photo credits @ Giro d’Italia
Damiano Caruso won stage 20 of the Giro d’Italia after a brave attack that saw him secure his second-place in the overall classification. Egan Bernal finished second on the stage, meaning that barring a disaster in tomorrow’s stage 21 time trial in Milan he will be wearing the maglia rosa on the final podium.
Simon Yates lost time after being distanced on the final climb, Bernal’s team-mate Daniel Martínez driving the pace to deliver his leader safely to the finish.
Caruso had moved off the front of the GC group on the descent of the first San Bernadino climb with around 50 kilometers to go alongside teammate Pello Bilbao, following a move by Team DSM to try and set up Romain Bardet
Bardet and Caruso were the last two escapees up the road until the Frenchman cracked, leaving Caruso to keep Bernal and the GC contenders at bay as he crossed the line to win his first-ever Giro stage and only the third victory of his professional career.
“I thought about a thousand things in the last meters before the finish line, all my sacrifices, my training, and all the work done by my teammates,” Caruso said.
“We rode in an exemplary way today, Pello Bilbao in particular did an incredible job and he played a fundamental role in this victory. Today I realized a dream, I think I am the happiest man in the world!”
The day began with a furious fight to get in a break, but the peloton controlled all these attempts until the first intermediate sprint – largely this was down to Bora-Hansgrohe trying to protect Peter Sagan’s ciclamino jersey.
A small group of nine riders finally went clear after the sprint, but was never really allowed the sort of leeway that might’ve delivered a stage win. The riders in that first move were: Dries De Bondt, Louis Vervaeke (Alpecin-Fenix), Simon Pellaud (Androni-Sidermec), Giovanni Visconti (Bardiani-CSF-Faizanè), Felix Großschartner (Bora-hansgrohe), Vincenzo Albanese (EOLO-Kometa), Taco Van der Hoorn (Intermarché-Wanty-Gobert), Matteo Jorgenson (Movistar) and Nico Denz (Team DSM).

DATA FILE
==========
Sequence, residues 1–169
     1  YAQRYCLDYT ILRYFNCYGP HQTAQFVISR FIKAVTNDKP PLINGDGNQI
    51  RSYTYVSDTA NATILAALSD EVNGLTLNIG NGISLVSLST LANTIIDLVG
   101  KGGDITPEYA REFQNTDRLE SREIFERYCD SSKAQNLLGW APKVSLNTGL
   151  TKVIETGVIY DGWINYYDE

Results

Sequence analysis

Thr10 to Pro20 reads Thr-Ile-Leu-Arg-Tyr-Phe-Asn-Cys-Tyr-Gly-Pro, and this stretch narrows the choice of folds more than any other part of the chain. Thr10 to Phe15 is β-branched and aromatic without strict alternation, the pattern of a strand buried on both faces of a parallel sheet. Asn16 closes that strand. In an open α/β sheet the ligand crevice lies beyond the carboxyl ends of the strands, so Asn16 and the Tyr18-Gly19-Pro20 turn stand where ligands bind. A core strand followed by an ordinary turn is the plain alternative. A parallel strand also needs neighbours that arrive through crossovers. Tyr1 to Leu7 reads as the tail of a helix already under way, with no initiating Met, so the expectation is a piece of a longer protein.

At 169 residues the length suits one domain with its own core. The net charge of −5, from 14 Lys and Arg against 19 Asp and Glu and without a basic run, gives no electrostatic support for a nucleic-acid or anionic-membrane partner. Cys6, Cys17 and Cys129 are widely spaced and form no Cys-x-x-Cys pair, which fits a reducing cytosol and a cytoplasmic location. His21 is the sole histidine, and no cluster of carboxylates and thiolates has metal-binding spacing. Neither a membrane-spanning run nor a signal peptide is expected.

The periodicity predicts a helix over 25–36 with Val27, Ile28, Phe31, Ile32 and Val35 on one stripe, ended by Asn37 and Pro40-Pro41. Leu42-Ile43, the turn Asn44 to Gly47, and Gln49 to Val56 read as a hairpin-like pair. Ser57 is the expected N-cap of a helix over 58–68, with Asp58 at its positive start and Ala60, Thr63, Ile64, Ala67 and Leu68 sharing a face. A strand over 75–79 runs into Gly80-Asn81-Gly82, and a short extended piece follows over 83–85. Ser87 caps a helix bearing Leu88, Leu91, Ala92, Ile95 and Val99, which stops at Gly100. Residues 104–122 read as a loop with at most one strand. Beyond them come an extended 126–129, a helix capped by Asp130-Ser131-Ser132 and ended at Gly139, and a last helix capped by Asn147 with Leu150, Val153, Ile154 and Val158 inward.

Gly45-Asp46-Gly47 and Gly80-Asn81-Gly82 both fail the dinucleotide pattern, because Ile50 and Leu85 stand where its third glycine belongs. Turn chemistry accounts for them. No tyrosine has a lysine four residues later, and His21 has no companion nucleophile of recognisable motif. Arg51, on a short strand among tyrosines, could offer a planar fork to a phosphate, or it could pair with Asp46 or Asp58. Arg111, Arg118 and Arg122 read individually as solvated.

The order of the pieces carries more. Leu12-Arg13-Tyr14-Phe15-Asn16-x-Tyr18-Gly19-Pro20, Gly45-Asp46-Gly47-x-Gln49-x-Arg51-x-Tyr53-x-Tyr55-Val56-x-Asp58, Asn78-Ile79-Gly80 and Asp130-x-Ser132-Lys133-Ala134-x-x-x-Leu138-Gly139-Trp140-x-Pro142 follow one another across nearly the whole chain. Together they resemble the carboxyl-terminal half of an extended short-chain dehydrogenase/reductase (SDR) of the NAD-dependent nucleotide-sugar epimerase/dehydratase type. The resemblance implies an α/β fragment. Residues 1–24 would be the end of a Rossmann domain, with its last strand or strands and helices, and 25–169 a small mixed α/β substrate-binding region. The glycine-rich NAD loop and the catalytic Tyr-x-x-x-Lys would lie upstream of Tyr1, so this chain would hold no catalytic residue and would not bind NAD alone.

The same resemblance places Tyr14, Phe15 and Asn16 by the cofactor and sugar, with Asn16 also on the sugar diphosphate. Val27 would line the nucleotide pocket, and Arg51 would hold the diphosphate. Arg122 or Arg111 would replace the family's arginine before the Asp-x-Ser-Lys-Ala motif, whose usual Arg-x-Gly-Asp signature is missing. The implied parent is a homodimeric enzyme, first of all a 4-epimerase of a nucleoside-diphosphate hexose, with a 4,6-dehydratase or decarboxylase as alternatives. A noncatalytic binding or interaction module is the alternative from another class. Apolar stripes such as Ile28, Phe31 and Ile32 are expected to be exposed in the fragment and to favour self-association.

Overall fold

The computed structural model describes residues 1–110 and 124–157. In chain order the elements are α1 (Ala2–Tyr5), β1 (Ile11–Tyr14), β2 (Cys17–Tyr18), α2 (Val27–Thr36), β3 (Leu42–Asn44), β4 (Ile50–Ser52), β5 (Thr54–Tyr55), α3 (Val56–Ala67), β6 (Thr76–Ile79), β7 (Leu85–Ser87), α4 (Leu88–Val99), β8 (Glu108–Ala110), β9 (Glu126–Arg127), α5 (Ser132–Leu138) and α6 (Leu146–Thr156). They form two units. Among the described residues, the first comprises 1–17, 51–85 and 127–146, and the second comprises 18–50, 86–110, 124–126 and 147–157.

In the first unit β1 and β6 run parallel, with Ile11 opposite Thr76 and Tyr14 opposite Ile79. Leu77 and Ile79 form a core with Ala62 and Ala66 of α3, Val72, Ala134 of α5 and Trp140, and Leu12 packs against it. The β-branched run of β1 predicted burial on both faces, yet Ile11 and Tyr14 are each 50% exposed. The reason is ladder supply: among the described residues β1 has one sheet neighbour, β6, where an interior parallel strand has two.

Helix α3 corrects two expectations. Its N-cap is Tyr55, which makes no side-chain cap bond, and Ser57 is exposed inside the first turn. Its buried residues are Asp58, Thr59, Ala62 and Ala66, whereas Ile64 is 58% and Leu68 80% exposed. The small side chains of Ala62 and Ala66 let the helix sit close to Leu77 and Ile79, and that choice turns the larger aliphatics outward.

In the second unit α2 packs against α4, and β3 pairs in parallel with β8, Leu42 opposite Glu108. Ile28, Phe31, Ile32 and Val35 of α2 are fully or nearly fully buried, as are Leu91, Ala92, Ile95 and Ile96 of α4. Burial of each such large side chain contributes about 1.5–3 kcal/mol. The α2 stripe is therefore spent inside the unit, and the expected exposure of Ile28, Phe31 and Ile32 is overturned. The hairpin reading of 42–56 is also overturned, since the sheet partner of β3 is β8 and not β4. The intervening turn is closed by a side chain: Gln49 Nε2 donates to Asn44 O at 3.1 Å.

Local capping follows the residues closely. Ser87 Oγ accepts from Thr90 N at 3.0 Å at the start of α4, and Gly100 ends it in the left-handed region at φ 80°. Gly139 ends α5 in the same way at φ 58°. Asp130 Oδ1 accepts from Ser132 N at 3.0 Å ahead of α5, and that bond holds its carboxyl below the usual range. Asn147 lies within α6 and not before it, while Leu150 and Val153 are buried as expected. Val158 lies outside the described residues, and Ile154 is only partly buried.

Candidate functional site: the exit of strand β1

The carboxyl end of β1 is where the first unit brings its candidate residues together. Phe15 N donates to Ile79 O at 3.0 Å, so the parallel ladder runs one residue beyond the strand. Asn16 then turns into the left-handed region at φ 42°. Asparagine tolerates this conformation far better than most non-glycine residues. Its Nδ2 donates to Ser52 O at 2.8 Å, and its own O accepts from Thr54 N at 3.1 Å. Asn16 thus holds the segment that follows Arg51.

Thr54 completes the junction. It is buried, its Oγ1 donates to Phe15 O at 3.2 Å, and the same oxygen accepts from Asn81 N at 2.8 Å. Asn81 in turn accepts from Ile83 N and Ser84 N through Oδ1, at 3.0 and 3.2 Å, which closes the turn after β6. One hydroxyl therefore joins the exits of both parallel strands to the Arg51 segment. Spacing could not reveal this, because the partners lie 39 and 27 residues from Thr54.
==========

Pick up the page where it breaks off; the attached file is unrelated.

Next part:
It was an attacking move from Team DSM on the upper slopes of the Passo San Bernardino that finally spelled the end for the escapees. The hot pace set by DSM on the way up San Bernardino was matched by their impressive, aggressive descending, which allowed them to open up a gap back to Bernal.
They were joined by Caruso and his teammate Pello Bilbao, forming a strong fighting force that maintained their advantage all the way to the final climb, the Alpe Motta. When Bilbao pulled off exhausted, Caruso picked things up for himself and climbed the whole of Alpe Motta on the front himself. Bardet didn’t give the Italian a single turn on their way up the final ascent, and yet was still dropped with a handful of kilometres to go. Caruso, propelled on by the frenzied cheers of the tifosi, was strong enough to maintain a gap of 20 seconds, despite the valiant chasing effort of Dani Martinez. Martinez was third across the line at the summit.
Peter Sagan secured the victory in the ciclamino points jersey today, something of a formality it must be said after an imperious points performance from the Slovakian.
Geoffrey Bouchard couldn’t quite make it into the break, but enough of the day’s king of the mountains points were hoovered up by the attackers to preserve his position at the top of that classification.
Speaking post-stage, Bernal said.
“We knew how to manage the race again today. My teammates did a great job and Castroveijo managed things perfectly and did a great job. I have to thank them.”
“I was scared of losing. I’m full of different emotions. I had the legs and the team, but there was Caruso up front who was a GC rival. When he got 30 or 40 second, even if I felt good, I was worried I could suffer. It was easy to lose 1:30 and then have to fight in the final TT.”
You must be logged in to post a comment.